No doubt I too will now be subjected to the animus of people looking for an enemy to shoot at. You should know that this stuff absolutely thrills those busy promoting fake skepticism in the service of doubt and delay.

    (I tried to post something along these lines a couple days ago, but was told the “sock” was not unreachable. Hope this one goes through.)

  18. 418
    Killian says:

    416 and 417: You can pretend Hank isn’t pedantic, patronizing and dismissive, but it’s not accurate. One tires of being treated with disrespect. We need people working together, and those that offer pretense at problem-solving, but take every opportunity to beat others down are fooling only some of us.

    Change “The truth has nothing to fear from criticism. Criticism only makes the truth stronger” to “The truth has nothing to fear from critique. Critique only makes the truth stronger” and I’ll agree with you. At least among supposed allies. Your statement holds true among enemies.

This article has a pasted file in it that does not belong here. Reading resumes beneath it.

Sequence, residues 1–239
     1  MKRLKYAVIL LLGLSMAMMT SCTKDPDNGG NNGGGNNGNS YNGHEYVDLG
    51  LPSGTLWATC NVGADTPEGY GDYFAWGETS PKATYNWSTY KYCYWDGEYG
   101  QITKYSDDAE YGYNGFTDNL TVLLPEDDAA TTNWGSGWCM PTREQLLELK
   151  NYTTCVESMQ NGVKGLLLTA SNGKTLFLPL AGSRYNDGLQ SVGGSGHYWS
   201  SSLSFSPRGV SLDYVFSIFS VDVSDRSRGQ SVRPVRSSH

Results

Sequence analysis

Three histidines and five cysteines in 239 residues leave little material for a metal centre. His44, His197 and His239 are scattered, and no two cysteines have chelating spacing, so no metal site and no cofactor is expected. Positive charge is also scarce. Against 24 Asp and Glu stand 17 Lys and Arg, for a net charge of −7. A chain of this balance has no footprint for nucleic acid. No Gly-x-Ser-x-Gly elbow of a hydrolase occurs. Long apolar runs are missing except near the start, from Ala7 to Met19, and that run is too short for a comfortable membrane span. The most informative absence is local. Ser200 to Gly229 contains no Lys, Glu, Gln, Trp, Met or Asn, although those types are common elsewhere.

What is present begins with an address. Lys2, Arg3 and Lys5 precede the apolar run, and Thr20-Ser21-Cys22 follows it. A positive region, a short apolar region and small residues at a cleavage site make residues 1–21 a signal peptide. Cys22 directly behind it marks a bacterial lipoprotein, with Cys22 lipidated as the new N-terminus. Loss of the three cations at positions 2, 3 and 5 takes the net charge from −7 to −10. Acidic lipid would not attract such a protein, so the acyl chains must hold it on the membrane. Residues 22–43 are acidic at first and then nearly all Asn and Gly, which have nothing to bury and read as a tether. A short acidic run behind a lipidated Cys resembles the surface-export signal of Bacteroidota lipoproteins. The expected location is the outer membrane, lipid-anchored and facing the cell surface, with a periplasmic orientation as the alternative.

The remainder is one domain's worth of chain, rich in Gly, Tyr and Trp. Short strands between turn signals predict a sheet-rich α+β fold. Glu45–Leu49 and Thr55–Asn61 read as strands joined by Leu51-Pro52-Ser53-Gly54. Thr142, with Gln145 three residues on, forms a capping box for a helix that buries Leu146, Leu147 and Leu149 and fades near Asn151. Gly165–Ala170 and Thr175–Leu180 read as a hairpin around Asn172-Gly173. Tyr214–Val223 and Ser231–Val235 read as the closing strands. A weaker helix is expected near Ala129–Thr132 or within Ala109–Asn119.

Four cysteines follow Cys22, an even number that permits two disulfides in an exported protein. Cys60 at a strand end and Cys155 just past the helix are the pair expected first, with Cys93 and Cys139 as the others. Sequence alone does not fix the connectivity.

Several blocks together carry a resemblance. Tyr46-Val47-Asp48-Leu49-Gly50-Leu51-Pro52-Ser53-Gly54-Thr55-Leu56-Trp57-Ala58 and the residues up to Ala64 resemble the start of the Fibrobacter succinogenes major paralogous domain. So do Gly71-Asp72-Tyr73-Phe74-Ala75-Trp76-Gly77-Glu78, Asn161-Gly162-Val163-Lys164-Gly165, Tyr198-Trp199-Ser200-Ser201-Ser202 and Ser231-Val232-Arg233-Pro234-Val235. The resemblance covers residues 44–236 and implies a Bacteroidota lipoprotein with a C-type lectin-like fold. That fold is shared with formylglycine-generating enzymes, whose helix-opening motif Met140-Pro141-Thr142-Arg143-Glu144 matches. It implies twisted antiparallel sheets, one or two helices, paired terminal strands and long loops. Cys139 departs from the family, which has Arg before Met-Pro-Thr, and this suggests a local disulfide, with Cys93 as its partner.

I’d like for Hank, and others, to try treating the rest with respect, particularly regarding real-world evidence not yet fully accepted as absolute fact. You know, like massive amounts of CH4 from mixed sources in the Arctic water and air columns…. which we’ve seen for years… Just sayin’.

    Simply put, Hank is rude, I’m sick and tired of it, and you cannot get to sustainability by tearing down your allies at every opportunity. He needs to be called on it, and now has been, unequivocally. But the important aspect here is that perhaps those with a similar perspective to Hank will be a bit more open-minded.